Introduction of Outliers: The Story of Success by Malcolm Gladwell
In this wide-ranging third installment of Malcolm Gladwell's exploration of how people and social phenomena work, the New Yorker journalist takes a close look at what constitutes high levels of success. That is, what makes people at the top of their respective fields get there? As we've come to expect from Gladwell's previous books, the answer to the question is a bit complicated.
He says that upbringing, culture, and even random luck have something to do with success, but there is another important quality that anyone can control. Two chapters are dedicated to the "revelation" that IQ is only a baseline quality and success has little to nothing to do with having a high IQ or a low IQ. Rather, success is substantially a product of cultivating a high degree of what Robert Sternberg calls "practical intelligence" or what most refer to as "emotional intelligence."
Gladwell uses the example of Nobel laureates coming from unknown schools as often as ivy league schools. At this level of mastery, IQ is no longer a factor. Success has little to do with where you were educated and everything to do with your level of practical/ emotional intelligence and willingness to put in the 10,000 hours of practice required to reach mastery of your field.
All in all, it's an interesting read that isn't too heavy and goes by pretty quickly, as the interesting anecdotes are what you would expect from Gladwell.
About the author
Malcolm Gladwell is known as "Peter Drucker of the 21st Century" by "Fast Company", was a business science columnist for the "Washington Post" and is currently a "New Yorker" magazine Full-time writer.
Malcolm was born in England and is a descendant of Jamaican. He grew up in Canada and now lives in New York City. He has worked as a reporter on health policy and science journalism, and his articles like to see the bigger picture. Malcolm is a very creative writer. He believes that his style of writing belongs to a style of the adventure of ideas.
Although most of his works are not fictional and do not revolve around a character or a story, the storyline is not Generally more tortuous, reading his articles has the charm of adventure ups and downs.
Outliers: The Story of Success by Malcolm Gladwell
Excerpts from the original text
Lario refers to the upbringing style of middle-class parents for their children as "coordinated training". This model tends to "explore children's talents and cultivate children's propositions and skills." As a comparison, the educational strategy of low-income families for children is "natural growth". These parents regard the upbringing of their children as their own responsibility and the growth and development of their children as their own business.
The children's activity table of wealthy families is always arranged full, and they often shuttle back and forth in various experiences. Children **learn to collaborate with others** to complete tasks and learn to cope with complex organizational structures. They also learn how to **comfortably deal with adults** and express their opinions clearly when necessary.——Quoted from the chapter: An ordinary truth
Please recommend some books! Munger recommended at the 2009 shareholders meeting: "Outliers" the author is Malcolm Gladwell. "It has a reason to be a bestseller." "I tend not to read self-help investment books. It's a bit like a soap opera: I think I know all its plots." Like sunlight, this is usually a part of the world. But in Berkshire, this is less than elsewhere, which provides a favorable advantage.
This is not a simple and rude book of success, but a serious sociological study! It is more inspiring to government departments, social workers, and educators, and it is stupid to confirm one after the brain is disabled. The Ten Thousand Hours Law, I’m really blind.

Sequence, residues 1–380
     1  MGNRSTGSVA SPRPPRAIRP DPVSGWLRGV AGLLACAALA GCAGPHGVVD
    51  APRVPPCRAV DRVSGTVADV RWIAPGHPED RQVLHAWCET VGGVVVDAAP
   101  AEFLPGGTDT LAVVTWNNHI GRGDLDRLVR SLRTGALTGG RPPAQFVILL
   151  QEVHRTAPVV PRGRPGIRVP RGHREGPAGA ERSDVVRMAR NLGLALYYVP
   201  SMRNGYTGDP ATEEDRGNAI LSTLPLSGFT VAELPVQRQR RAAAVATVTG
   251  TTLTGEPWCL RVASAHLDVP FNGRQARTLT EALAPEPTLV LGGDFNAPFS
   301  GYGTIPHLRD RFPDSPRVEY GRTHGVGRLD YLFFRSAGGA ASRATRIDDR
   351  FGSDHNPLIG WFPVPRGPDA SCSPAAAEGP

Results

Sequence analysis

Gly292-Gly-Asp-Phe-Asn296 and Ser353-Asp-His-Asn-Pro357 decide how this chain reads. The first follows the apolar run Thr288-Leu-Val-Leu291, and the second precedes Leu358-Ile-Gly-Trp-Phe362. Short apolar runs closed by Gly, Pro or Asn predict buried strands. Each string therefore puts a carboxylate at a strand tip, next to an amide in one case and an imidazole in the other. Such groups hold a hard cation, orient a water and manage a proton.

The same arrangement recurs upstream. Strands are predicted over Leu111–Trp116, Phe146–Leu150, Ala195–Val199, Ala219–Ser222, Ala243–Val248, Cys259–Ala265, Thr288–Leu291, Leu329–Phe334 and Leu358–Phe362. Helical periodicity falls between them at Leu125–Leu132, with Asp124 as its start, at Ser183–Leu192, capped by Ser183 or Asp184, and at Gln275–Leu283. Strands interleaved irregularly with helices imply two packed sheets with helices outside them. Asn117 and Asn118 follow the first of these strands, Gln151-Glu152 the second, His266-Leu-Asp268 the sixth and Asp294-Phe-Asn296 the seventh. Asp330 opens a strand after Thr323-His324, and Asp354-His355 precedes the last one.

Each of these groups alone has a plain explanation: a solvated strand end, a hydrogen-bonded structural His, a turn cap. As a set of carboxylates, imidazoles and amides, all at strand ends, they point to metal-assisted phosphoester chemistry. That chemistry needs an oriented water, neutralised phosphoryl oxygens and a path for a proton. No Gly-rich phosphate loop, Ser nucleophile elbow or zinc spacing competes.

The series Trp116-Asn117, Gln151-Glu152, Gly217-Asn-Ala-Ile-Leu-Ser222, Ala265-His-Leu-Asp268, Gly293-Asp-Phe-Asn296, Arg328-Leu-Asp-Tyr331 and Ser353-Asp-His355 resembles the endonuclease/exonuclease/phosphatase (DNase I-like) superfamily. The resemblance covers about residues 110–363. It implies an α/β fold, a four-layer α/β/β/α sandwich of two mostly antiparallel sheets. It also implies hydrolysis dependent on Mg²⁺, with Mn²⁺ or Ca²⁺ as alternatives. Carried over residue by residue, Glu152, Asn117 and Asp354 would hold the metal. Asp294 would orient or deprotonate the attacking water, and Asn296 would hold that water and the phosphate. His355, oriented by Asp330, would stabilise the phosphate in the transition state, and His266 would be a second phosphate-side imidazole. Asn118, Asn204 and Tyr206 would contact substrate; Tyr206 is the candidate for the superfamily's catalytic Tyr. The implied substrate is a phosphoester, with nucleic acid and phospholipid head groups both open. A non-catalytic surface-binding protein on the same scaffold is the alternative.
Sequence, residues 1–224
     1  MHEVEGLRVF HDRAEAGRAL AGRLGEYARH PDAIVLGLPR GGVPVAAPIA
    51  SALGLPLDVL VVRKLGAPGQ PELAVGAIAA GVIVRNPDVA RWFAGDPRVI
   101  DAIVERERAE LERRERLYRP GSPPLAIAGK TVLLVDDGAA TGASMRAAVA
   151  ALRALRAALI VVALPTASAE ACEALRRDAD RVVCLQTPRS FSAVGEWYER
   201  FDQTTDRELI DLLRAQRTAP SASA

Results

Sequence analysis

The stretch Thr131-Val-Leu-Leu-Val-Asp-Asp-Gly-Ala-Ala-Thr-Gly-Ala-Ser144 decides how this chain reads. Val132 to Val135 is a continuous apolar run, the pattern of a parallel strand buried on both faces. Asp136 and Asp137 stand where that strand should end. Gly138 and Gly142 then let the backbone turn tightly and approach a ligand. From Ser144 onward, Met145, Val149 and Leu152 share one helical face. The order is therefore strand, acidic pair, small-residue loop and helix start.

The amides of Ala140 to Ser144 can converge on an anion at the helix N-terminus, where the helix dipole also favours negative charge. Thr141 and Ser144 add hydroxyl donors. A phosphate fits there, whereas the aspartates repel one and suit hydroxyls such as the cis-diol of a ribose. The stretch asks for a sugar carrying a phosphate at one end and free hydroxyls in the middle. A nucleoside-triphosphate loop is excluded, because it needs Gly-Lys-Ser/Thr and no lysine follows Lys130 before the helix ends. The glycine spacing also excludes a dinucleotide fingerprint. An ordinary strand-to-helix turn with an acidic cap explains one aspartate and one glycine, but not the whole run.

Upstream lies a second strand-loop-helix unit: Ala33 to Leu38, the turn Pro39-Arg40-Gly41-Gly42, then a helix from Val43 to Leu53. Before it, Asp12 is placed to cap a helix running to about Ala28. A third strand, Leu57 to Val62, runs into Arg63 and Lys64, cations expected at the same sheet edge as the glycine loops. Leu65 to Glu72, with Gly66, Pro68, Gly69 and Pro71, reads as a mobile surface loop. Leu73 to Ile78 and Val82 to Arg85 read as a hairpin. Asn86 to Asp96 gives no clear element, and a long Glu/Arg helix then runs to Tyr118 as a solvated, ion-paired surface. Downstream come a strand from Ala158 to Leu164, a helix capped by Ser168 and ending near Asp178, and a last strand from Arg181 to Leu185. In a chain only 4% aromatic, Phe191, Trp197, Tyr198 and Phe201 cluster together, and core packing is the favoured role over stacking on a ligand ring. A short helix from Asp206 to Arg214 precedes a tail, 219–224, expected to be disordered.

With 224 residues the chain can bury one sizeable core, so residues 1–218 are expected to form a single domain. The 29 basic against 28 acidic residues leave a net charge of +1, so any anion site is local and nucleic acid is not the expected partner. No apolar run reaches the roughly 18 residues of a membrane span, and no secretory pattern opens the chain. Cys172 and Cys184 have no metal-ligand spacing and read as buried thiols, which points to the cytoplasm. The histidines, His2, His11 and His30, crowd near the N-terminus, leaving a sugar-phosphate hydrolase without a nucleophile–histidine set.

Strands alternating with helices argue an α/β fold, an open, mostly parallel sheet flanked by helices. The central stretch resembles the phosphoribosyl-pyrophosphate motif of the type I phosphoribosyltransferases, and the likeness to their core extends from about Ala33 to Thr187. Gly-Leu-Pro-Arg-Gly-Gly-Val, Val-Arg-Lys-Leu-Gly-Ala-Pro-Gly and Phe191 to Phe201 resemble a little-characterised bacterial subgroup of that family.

The new secret of success Malcolm puts forward the necessary conditions for success in the book: 10,000 hours of deliberate practice is equivalent to 20 hours of focused practice per week for 10 consecutive years. The book gives a lot of examples, from Bill Gates to Bill Joy to the Beatles to Mozart to NHL hockey stars. . . .
In the words of the author, no one has become a world-class expert without 10,000 hours. Malcolm has always been good at filtering the black words of academia into stories that my little-footed grandmother Zeng would like to hear, and fascinatingly discuss phenomena that are contrary to ordinary people's intuition. The bosses who have read Tipping Point and Blink should have some understanding.
Outliers' Book Summary
This is a book that studies how to succeed. It analyzes the factors that are often overlooked behind the success and specifically analyzes how these factors play a role.
The book is divided into two parts.
The first part talks about opportunities, explaining the decisive role that opportunities play in people's success. These opportunities include the times, social transformation, and family environment.
The second part talks about the impact of cultural inheritance on people and analyzes the huge differences between different cultural backgrounds and the impact on people.
The first part, the opportunity:
Some original small, accidental, and potential advantages benefit them, and this advantage is regarded as his own. His abilities and talents, and continue to receive more attention, opportunities, and resources in the growth process, make the advantages continue to strengthen.
This kind of "Matthew effect" of the strong will eventually enable those with small advantages and opportunities to grow into extraordinary people.
10,000 hours of professional skills require 10,000 hours of repeated practice to become a master. The special environment and timing provided him with the opportunity to persist for 10,000 hours, and this special environment eventually created a special hero.
High IQ vs. Practical IQ
As long as the IQ reaches 120, no matter how high it is, it will not increase the probability of success. Therefore, as long as you know that a child is smart enough, you don't need to know the value of his IQ.